Nishtown for Christie Pits?

Toronto, the ancestral territory of the Ojibway, the Anishnawbe and the Mississaugas of the New Credit, is often touted as.


Toronto, the ancestral territory of the Ojibway, the Anishnawbe and the Mississaugas of the New Credit, is often touted as one of the worlds most multicultural cities, with dozens of ethnically evocative neighbourhoods. Yet none are dedicated to our first residents.

City councillors and community organizations want to change that by creating an Indigenous business district, but perspectives differ on how and where.

Councillor Kristyn Wong-Tam explains that the Indigenous business district would not only be a destination similar to other cultural neighbourhoods. Rather, an Indigenous Centre for Innovation and Entrepreneurship could be the seed that helps grow the area by offering programming, mentorship and co-op space to nascent businesses. Wong-Tam believes shes found the prime location, at 200 Dundas East, a space the city will take over in 2019.

We want to create a space for young entrepreneurs, especially Indigenous entrepreneurs, to grow their ideas and to market-test them, says Wong-Tam.

The Canadian Council for Aboriginal Business submitted plans to the city for the proposed district earlier this year as part of the federal governments Smart Cities Challenge. If selected, the project could get a chance at the top prize of $50 million.

Tiffany Creyke, program coordinator for the Indigenous Place-Making Council, a non-profit that works to restore Indigenous presence to the fabric of our cities, towns and communities, offered input on the proposal. Ideas for the district included street signs using Wendat/Huron, Anishinaabe/Ojibway and Haudenosaunee/Mohawk names, and a gathering place at Allan Gardens for teaching and cultural events, like the annual Sisters in Spirit vigil.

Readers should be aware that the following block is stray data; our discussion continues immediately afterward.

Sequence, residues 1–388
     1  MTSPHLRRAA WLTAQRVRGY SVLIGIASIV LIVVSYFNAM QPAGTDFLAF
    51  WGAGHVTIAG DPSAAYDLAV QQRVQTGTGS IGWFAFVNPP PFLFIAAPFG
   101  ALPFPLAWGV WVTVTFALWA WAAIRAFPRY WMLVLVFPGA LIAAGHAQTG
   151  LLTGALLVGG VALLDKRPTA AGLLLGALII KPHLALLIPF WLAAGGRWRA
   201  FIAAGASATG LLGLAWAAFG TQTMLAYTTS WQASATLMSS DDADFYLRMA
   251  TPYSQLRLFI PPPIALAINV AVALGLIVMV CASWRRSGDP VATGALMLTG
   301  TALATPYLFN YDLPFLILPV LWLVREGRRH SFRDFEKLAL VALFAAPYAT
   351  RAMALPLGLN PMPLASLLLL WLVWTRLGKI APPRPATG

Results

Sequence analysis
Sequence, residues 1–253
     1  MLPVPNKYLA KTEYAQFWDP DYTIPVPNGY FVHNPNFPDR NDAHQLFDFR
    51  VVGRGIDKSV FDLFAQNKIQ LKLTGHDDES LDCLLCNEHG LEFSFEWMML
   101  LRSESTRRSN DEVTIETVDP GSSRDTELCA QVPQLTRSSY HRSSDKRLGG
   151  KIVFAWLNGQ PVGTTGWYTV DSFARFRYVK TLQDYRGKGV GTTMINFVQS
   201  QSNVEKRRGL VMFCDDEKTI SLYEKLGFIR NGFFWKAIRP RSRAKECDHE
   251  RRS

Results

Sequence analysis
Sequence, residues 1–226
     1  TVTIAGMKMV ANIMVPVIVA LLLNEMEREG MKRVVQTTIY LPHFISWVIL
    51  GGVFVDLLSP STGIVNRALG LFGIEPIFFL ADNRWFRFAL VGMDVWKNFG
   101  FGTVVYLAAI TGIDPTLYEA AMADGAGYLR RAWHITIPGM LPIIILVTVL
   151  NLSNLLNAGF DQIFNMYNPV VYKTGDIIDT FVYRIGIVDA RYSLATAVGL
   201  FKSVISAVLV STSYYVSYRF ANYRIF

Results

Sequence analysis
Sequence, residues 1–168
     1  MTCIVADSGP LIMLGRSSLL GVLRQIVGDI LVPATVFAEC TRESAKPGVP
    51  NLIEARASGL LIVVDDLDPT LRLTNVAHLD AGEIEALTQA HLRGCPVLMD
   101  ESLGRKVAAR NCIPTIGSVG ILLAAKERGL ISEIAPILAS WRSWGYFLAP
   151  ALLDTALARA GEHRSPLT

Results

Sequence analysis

While Creyke hopes new Indigenous businesses will have access to affordable rent and incentives for setting up shop in the area, she cautions that programming incentives within the affordable and subsidized spaces will also need to be culturally supportive.

The city itself has not pledged any funds toward the centre or the district. At a recent Aboriginal affairs committee meeting, Wong-Tam shared that next steps for the project will likely require the formation of a steering or advisory committee to develop operational plans.

But before the Smart Cities proposal was even on the map, ideas for an Indigenous business district were already in motion. The Toronto Aboriginal Support Services Council began work on the Toronto Aboriginal Research Project (TARP) in 2009 surveying more than 1,000 Indigenous individuals and conducting focus groups. Some respondents mentioned the dearth of dedicated areas for Indigenous community members as a barrier to social cohesion, pointing to the citys lack of a Native district. At the time, Indigenous service providers estimated the citys Indigenous community at 70,000.

Among its findings, TARP recommended mentorship and apprenticeship programs for Indigenous women and youth. This led to further consultations with community members in the form of the Aboriginal Economic Development Business Project (AEDBP). The Native Womens Resource Centre and Morning Sky Consulting helped facilitate the project, which explored the possibility of creating an Indigenous business district.